with a collection of songs which stand more like polished jewels than mere tunes. "Notorious" was to represent the final evolution of the group's sound before the backpedalling to country music that followed on "Sweetheart Of The Rodeo"; it fared well in the UK (peaking at #12) but stiffed in the US (#48) where the group were suddenly considered passe. It is a stunning work, a diverse collection of sounds and lyrical subject matter which is nonetheless unified by the group's
Taoist sense of ebb and flow; the sonic delights are smooth, tasteful and subtle, with not a single note or arrangement out of place and some of the most ingenious song fade-outs/fade-ins in the history of vinyl. The end result is a song cycle which takes one on a sonic trip that begins with an amphetamine rush and ends on the moon, with each sound--no matter how diverse, ranging from string quartets, raga-ish guitar solos, moog synthesizers, celeste, phasing, horns and those heavenly vocal harmonies--coalescing into one hypnotic rush, like a series of linked watercolors. This is pure art, a producer's wet dream, aiding some of the strongest lyrics and melodies ever written.
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Format: Audio CD
(Note: this is more of a review of this specific reissue than a review of the album "The Notorious Byrd Brothers." Needless to say, the album is fantastic...but those just looking to grab the record should look for the stock Legacy reissue. This Mobile Fidelity mono hybrid SACD is made for a specific crowd, as is this review)

I have to say that I haven't been spectacularly captivated by "new-phase" Mobile Fidelity. I did, however, make a pledge that if MoFi suddenly started releasing stuff that was interesting--stuff otherwise unavailable on CD, for example, which is how I saw them remaining relevant in the current music market--I would eagerly bite.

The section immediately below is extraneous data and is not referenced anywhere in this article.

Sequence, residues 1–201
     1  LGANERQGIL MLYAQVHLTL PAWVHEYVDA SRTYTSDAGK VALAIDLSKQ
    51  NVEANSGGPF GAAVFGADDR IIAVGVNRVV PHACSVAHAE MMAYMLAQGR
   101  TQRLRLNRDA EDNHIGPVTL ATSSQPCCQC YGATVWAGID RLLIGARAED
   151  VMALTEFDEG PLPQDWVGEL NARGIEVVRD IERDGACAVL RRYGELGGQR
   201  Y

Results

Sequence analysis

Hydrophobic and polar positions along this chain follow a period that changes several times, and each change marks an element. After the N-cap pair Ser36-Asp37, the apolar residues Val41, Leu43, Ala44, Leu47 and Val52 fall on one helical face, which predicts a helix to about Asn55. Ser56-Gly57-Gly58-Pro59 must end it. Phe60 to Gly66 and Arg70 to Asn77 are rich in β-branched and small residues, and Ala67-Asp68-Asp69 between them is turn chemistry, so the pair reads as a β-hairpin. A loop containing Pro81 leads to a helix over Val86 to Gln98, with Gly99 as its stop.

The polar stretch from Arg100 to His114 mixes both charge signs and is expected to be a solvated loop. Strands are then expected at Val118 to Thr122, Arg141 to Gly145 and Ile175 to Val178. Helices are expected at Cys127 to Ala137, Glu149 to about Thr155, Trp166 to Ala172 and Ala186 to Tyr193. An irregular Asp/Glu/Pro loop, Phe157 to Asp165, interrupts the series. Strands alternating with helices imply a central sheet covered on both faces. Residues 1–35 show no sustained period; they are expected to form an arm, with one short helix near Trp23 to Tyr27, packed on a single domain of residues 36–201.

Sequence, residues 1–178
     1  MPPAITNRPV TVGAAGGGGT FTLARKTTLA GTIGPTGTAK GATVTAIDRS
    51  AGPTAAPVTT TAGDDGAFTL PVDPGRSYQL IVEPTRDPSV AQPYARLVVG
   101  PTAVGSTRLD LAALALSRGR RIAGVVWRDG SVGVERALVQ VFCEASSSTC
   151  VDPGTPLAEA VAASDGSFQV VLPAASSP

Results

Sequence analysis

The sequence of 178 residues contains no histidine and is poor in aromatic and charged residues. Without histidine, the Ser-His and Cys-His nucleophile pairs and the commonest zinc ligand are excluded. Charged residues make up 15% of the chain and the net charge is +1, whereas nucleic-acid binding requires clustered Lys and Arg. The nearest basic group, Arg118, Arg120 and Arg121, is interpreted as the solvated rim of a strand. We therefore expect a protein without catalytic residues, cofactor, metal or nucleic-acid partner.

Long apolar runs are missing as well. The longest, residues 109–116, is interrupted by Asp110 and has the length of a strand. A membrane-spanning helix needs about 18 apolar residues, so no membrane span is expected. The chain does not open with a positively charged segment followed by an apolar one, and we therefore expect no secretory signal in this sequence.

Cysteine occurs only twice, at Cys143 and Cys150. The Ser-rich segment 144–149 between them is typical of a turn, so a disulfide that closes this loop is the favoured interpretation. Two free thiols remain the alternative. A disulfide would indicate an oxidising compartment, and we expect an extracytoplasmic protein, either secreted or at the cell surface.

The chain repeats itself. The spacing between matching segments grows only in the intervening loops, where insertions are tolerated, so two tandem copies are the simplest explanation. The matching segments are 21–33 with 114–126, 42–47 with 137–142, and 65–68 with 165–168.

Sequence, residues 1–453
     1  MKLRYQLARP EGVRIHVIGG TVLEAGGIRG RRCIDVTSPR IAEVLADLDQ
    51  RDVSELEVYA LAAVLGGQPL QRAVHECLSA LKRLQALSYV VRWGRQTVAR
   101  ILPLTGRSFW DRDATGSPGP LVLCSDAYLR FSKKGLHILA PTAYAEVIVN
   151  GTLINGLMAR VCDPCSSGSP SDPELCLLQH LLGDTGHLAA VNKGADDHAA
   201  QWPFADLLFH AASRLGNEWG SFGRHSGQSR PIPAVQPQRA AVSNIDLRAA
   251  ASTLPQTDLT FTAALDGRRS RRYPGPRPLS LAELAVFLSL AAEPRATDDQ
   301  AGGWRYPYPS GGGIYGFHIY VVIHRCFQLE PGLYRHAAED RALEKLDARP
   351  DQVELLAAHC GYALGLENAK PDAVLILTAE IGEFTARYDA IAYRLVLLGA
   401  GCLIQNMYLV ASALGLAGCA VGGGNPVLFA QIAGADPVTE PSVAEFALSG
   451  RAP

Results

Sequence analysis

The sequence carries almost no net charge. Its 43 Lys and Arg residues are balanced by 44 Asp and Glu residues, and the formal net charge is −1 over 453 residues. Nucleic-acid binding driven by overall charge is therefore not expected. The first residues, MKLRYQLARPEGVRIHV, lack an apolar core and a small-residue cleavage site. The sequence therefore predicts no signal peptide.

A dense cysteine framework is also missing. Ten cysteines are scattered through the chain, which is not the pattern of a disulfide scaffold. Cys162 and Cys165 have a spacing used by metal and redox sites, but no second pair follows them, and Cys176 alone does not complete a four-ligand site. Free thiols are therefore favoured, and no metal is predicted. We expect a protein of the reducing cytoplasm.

Well, with the mono Byrds discs, they have delivered something interesting, and as I'm a man of my informally-expressed internet word, I picked up this hybrid SACD of "Notorious." So how is this second entry in Mobile Fidelity's foray into the world of the Byrds?

Packaging: Okay. Not quite premium, which is disappointing given how expensive these things are. MoFi increased the size of their usual postage-stamp covers, but c'mon...do we still really need that design? The booklet seems to be a variation on the booklet included in the standard Sony package, only slightly blurrier, with little "mono" annotations and the mastering credits replaced.

The blurb on the shrink wrap is also interesting, as it implies that these mono mixes are from 1969 (aka a year after the album's release). Huh?

That said, MoFi's packaging has never been amazing, so perhaps this is an unfair area of criticism...

The sound: Excellent, for what it is: a great transfer of a somewhat muddy mix from a sort of shaky source, this nonetheless represents a really nice variation of this album on CD.